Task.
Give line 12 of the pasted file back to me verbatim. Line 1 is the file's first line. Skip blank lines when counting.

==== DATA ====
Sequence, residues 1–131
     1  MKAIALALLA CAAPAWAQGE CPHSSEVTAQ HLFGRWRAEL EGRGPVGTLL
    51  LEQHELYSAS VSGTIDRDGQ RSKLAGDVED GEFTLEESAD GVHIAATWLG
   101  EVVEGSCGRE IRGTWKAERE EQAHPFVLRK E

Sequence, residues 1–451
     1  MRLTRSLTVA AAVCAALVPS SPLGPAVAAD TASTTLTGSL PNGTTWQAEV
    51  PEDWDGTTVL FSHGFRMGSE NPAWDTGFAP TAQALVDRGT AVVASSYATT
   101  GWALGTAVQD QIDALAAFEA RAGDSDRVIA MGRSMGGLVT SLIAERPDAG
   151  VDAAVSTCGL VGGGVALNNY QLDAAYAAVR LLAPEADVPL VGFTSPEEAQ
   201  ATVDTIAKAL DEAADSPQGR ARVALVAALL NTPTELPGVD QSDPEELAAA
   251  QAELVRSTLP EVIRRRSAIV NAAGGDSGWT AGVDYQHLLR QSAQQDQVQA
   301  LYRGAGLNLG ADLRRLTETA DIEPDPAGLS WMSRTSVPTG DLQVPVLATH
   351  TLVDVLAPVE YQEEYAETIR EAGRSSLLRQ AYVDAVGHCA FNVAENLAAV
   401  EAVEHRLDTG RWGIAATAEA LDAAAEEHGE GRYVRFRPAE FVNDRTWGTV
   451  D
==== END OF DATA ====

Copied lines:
   301  LYRGAGLNLG ADLRRLTETA DIEPDPAGLS WMSRTSVPTG DLQVPVLATH